March 04, 2016

Dear Vicki

Dear Vicki



Monkey Business agony aunt VICKI PARK returns with help for troubled souls




Dear Vicki,
I am an experienced, European, trophy-winning football manager, currently 'resting' between appointments, who has shown interest in, at some time in the future, managing a certain large Premier League club. This may have given the impression that I would like to replace the current, struggling incumbent.

Could you advise on whether it is appropriate to signal my intentions early, or should I just have waited patiently for a suitable vacancy to occur?
JM, London
Dear JM,
This is a thorny issue. Nobody (well, most unemployed managers) would want their interest in a particular position to be the cause of someone else's sacking. On the other hand you have a right to position yourself at the head of the queue should that occur. 

What you won't really know is how your intended new employers will have viewed your move. You may find that your strategy may have already worked, and that you'll be approached as soon as (or even before) the evil deed is done, but it could equally be viewed as an underhand approach, unbecoming of a respected manager, and to which the response could well be "No way, Jose!"
Vicki


Dear Vicki,
I am  a charismatic and energetic sporting administrator who has over many decades changed the face of my sport, pumping millions of dollars into the game in third-world countries and making it the richest and most popular sport on the planet. 

Yet despite my very visible achievements, my organisation has taken against me, given me a long suspension and rejected my appeal. Is there anything I can do to clear my name?
SB, Zurich
Dear SB,
Keep a low profile. Your name won't need clearing once everyone's forgotten it!
Vicki


Dear Vicki,
I play in goal for a team currently in the frame for promotion to the Premier League, and I am somewhat long in the tooth, and was wondering at what age I should hang up my gloves.
DK, Middlesbrough
Dear DK,
There isn't really an age that anyone can say is the definitive one. Goalkeepers can go on a bit longer than outfield players, but it really depends on how you feel, how your fitness continues and whether you keep getting picked.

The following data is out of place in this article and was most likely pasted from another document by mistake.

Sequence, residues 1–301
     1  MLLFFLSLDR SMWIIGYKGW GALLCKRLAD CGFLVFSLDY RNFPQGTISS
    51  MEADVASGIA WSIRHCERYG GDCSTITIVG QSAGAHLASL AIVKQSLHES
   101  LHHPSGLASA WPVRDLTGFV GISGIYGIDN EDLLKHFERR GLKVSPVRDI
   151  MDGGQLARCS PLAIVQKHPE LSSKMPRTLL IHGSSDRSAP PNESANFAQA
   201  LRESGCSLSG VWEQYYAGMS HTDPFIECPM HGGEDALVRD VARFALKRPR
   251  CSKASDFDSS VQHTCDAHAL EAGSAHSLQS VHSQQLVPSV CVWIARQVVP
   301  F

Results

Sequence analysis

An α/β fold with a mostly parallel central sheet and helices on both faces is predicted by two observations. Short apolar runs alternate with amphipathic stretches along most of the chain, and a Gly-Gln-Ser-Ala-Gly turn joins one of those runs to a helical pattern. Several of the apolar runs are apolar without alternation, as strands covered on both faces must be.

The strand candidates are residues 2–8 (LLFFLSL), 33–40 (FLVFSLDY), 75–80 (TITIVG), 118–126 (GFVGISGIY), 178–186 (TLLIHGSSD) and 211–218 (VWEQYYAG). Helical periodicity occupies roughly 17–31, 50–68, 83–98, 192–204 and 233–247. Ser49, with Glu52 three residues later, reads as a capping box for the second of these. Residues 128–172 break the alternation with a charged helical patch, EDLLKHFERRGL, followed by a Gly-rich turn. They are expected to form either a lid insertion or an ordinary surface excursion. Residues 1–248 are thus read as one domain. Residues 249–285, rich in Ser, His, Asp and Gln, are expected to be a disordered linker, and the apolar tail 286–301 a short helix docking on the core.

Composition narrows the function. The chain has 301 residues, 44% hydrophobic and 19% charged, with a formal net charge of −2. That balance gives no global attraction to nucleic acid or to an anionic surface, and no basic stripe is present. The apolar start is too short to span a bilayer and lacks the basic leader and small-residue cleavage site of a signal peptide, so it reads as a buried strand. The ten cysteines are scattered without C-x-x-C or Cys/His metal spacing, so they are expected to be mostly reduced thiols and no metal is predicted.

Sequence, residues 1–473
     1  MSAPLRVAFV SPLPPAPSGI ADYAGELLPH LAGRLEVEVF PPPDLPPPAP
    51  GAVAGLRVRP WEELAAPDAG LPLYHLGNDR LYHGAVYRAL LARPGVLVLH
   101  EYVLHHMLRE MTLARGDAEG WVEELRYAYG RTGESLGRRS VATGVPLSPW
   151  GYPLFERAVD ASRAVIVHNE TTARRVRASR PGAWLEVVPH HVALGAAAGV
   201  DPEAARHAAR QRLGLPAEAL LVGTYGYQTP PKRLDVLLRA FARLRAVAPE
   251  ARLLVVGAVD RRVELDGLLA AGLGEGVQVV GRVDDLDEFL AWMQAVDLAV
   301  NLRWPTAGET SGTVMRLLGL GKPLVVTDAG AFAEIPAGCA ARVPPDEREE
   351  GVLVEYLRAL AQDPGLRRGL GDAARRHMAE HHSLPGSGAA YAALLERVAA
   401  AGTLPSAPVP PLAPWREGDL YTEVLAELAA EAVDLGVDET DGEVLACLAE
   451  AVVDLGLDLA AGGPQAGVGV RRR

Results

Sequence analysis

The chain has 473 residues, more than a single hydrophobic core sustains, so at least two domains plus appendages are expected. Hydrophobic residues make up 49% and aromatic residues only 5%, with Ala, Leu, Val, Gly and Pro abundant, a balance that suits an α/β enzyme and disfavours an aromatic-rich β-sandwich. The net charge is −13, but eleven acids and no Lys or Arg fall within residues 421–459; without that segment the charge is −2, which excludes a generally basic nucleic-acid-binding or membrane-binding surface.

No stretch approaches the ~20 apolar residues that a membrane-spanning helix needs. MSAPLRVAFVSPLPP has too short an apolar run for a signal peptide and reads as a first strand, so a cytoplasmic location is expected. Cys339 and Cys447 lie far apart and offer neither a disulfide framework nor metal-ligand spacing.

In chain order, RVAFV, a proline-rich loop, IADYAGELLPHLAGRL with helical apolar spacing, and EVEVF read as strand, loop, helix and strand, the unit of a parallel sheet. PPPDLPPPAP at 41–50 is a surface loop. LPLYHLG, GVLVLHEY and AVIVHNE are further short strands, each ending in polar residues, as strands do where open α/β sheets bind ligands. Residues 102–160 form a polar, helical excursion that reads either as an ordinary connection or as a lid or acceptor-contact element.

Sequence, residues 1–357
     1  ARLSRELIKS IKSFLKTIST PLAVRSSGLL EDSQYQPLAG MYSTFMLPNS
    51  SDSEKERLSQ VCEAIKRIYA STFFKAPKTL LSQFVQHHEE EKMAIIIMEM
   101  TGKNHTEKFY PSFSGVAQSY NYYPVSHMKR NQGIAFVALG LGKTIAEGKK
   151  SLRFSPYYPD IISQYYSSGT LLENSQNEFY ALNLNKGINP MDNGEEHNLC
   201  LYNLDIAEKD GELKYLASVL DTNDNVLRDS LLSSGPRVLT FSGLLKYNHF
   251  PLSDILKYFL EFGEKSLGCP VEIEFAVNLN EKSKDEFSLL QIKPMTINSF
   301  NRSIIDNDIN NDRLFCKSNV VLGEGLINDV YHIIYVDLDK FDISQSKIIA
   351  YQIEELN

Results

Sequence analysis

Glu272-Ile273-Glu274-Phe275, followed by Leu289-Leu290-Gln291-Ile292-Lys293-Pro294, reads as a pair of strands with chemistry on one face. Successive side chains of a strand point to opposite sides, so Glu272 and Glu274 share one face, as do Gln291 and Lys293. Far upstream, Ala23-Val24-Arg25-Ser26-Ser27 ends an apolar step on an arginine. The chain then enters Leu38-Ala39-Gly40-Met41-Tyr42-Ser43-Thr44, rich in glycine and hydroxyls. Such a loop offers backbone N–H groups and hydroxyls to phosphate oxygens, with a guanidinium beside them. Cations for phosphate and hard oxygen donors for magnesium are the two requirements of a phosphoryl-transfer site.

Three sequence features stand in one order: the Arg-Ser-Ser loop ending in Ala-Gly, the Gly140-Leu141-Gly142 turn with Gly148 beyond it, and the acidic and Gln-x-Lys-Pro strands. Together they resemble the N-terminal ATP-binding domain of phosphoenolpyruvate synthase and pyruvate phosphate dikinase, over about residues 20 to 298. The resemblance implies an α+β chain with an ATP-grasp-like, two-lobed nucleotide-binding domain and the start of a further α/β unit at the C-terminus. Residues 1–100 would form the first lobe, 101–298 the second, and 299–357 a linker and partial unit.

However, when you find that the rest of the team are talking about some band that you've never heard on Radio Two, or posting on a social media site you didn't know existed, or getting what seem to be completely ridiculous haircuts, perhaps that may be the time to go.
Vicki


Dear Vicki,
I have previously been a successful international manager, and currently manage a top English football team, admittedly without much success of late. However, the fans have been complaining that my style is very boring, and would prefer to see a bit more flair. Are they right, or will they change their minds when we start winning most of our matches?
LvG, Manchester
Dear LvG,
Fans have two levels of satisfaction. When their team desperately needs the points, they will find the most tedious of wins is really enjoyable. When their team doesn't need the points, or a win can be expected, they want to be entertained. Of course, if you give them defeat when a win was expected, and don't entertain them either, you're asking for trouble.

So the answer is that they will change their minds when you start winning most of your matches in an entertaining way. Have you tried doing comedy falls like that one manager did a few weeks ago?
Vicki

[Note: This was written and was in fact stored on the internet ready for launch on the day before a certain incident along the lines suggested by Vicki actually occurred at Old Trafford. While it may just be coincidence, government spies could have read it and passed it on to the Americans, who then could have forwarded it to Manchester United's American owners, allowing them to order something to be done to sabotage this article. In future, we at Monkey Business will be keeping both an open mind and a wary eye on similar suspicious happenings.]


Dear Vicki,
As a retired, internationally-known footballer I have been doing all sorts of different media things, but I haven't been seen on TV for months. Do you think this is the beginning of the end for my celebrity career, or can I prolong it a bit?
DB, Los Angeles
Dear DB,
It all depends on what you'd like to do, and whether the media would like you to do it. Obviously with all this reality TV going on, most things have already been done: swimming with dolphins, seeing the Northern Lights, living with gorillas, dancing, cooking, ski-jumping and the like, but if all else fails, there's always 'I'm a Celebrity'. The title says it all. It'll make you think you still are, even when you haven't been for some time.

You could go into acting, although that career change may not last too long, as OJ Simpson and Vinny Jones have found.

You could stand for Parliament, but childish behaviour and barefaced lying are probably skills you're born with rather than learn.

Or you could just go with it and be the successor to Pele, to be wheeled out at World Cups and Olympics, and just be pleased when people say "I didn't know he was still alive".
Vicki